Why investing at regular intervals works
Use the term “dollar cost averaging” in a conversation and chances are you would encounter puzzled looks. Truth is, it’s an investment technique that many successful investors already practice without even realizing it. Few investment strategies are more ingrained than dollar-cost averaging which simply means investing a fixed amount of money at fixed intervals of time over a long period, through thick and thin.
This type of systematic investment program is familiar to many UTC investors, as they practice it by investing in the array of mutual funds that are managed by the Corporation. The Children’s Investment Starter Plan and Student Investment and Protection Plan, which offer the opportunity to invest in shares of local companies trading on the stock exchange, government and government guaranteed bonds, short term securities and foreign equities, cater for dollar cost averaging by allowing the investor to invest a fixed sum over a period of time.
The technique can also be applied to UTC’s Pension Plus, the Individual Retirement Unit Account (IRUA) and Universal Retirement Fund, whose funds are invested in stocks, bonds and money market instruments , and are avenues to build your retirement savings over the long term.
Instead of investing assets in a lump sum, the investor buys smaller amounts over a longer period of time. This spreads the cost out over several years, providing a measure of insulation against changes in market prices and in this way one is able to minimize risk to one’s investment.
For one thing, it’s the only way most people can invest—by putting away small sums out of every paycheck. That’s a sensible approach, for example, if it means committing yourself to investing a fixed amount of your salary every month toward your retirement or children’s education. An investor that puts money into a UTC mutual fund in effect owns a fractional interest in every one of the stocks or bonds or other assets that make up that portfolio.
Participation by investors is represented by units which are the equivalent to the proportion of a fund’s portfolio comprising equity and fixed income securities. When you open an account at the Unit Trust Corporation your money is used to purchase units in the fund. In the Growth and Income Fund, for instance, when an investor buys units, that investor buys into shares of local companies trading on the stock exchange as well as government and government guaranteed bonds, short term securities and foreign equities.
The opportunity exists for the value of the fund to increase, thereby increasing the value of each unit. What this means is that units can be worth a lot more than you paid for them when you are ready to sell or convert your units back to cash.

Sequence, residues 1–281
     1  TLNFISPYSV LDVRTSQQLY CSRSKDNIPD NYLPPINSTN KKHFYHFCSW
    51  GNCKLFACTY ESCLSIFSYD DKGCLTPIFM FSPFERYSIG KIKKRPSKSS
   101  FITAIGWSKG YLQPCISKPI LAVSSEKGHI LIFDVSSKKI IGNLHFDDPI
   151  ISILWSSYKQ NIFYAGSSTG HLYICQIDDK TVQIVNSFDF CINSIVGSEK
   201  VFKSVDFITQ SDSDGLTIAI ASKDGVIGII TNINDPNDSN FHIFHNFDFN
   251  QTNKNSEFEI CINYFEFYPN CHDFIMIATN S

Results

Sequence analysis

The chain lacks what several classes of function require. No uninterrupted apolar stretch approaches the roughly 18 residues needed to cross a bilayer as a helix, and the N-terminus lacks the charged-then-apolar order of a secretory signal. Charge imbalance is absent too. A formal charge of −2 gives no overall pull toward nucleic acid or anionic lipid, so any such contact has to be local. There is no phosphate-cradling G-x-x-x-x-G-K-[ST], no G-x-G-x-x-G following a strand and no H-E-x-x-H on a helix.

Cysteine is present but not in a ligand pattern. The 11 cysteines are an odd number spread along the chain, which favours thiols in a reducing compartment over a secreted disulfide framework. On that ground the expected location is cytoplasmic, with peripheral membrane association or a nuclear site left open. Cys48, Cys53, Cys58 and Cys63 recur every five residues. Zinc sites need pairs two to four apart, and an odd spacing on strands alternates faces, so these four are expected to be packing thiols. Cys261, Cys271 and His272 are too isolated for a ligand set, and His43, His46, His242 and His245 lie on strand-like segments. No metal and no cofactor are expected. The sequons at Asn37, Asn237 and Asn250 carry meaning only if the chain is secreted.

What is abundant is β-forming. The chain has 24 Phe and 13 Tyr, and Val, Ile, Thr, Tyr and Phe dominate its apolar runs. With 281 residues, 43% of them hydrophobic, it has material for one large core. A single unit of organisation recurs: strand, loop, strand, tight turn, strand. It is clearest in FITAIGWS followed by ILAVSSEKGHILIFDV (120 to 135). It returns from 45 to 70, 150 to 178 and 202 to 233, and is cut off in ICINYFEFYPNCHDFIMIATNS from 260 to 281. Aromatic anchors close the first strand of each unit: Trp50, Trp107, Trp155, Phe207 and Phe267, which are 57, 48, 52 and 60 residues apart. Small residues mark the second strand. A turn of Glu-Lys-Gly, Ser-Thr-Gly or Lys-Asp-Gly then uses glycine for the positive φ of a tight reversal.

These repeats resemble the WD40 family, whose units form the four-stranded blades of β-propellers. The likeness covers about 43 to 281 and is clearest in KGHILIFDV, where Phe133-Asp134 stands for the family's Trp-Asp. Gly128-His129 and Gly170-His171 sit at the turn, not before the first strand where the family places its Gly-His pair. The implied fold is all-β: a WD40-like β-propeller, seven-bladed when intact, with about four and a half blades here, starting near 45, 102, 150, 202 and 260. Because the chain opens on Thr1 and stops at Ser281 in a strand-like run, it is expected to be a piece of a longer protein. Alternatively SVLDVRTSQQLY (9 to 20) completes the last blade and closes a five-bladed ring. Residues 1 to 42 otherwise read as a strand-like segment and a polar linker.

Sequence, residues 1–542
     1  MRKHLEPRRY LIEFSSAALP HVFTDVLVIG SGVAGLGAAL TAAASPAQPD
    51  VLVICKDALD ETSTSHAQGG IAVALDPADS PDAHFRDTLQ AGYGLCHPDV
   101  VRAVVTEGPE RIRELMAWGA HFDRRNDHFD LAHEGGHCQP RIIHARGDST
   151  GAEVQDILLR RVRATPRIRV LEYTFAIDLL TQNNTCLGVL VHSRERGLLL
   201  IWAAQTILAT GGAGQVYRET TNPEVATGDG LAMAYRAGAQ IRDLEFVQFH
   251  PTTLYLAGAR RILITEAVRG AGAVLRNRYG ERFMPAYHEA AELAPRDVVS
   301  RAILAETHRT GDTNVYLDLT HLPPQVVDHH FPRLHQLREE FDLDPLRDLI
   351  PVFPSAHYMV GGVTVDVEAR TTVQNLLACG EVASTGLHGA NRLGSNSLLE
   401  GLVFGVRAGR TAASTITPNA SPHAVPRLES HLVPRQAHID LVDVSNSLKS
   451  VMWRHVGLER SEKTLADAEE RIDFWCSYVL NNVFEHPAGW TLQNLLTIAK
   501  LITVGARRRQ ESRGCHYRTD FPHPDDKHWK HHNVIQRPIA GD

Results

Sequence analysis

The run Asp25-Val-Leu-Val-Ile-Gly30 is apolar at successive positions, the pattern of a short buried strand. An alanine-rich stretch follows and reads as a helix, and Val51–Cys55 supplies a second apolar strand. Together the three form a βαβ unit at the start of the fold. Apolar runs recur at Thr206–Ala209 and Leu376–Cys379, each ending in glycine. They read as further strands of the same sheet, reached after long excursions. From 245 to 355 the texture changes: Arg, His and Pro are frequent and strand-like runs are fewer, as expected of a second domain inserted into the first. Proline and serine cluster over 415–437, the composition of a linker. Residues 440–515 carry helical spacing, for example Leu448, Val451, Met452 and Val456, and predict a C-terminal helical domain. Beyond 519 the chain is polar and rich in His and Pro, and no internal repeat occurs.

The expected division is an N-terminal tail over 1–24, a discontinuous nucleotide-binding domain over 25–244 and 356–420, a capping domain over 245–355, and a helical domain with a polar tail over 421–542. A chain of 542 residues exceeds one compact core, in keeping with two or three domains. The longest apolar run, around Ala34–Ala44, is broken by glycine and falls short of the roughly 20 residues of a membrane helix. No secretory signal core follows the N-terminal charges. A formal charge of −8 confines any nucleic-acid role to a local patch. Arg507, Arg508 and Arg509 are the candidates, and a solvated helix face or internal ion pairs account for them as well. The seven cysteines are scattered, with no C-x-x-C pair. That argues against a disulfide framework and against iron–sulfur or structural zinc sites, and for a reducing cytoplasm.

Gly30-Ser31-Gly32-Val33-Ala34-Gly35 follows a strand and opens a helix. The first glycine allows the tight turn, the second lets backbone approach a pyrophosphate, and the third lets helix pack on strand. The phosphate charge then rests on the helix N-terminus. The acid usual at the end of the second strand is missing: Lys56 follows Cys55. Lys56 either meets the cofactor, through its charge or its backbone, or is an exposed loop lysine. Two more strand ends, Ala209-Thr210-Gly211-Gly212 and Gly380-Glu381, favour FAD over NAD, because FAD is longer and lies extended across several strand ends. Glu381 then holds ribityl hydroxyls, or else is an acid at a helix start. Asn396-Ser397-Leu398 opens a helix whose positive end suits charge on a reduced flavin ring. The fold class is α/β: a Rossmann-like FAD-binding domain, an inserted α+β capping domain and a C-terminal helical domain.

Investing a set amount of money each month ensures that you will buy more units when they are low and fewer when they are high. When the markets are up, you buy fewer units per dollar invested to the higher cost per unit. When the markets are down, the situation is reversed and you purchase a greater of number of units per dollar invested. It’s a strategic way to invest because you buy more units when the cost is low, so you get an average cost per unit over time, meaning you don’t have to invest the time and effort to monitor market movements and strategically time your investments.
All this enables investors with tight budgets to invest small sums on a regular basis without worrying about their portfolio. While small contributions may not seem impressive at first glance, they enable investors to get into the habit of saving, and can really add up over the course of a lifetime.
Regardless of the amount of money that you have to invest, investors must remember that to benefit from dollar-cost averaging one should adopt a medium to long term investment horizon.. In order to begin a dollar cost averaging plan, you must do three things:
- Decide exactly how much money you can invest each month. Make certain that you are financially capable of keeping the amount consistent; otherwise the plan will not be as effective.
- Select an investment that you want to hold for the long term, preferably five to ten years or longer.
- At regular intervals (weekly, monthly or quarterly works best), invest that money into the security you’ve chosen. To make it easier, set up an automatic withdrawal plan so the process becomes automated.
The reality is that many potential investors could save themselves a lot of time, effort and money by beginning an investment plan that caters for dollar cost averaging.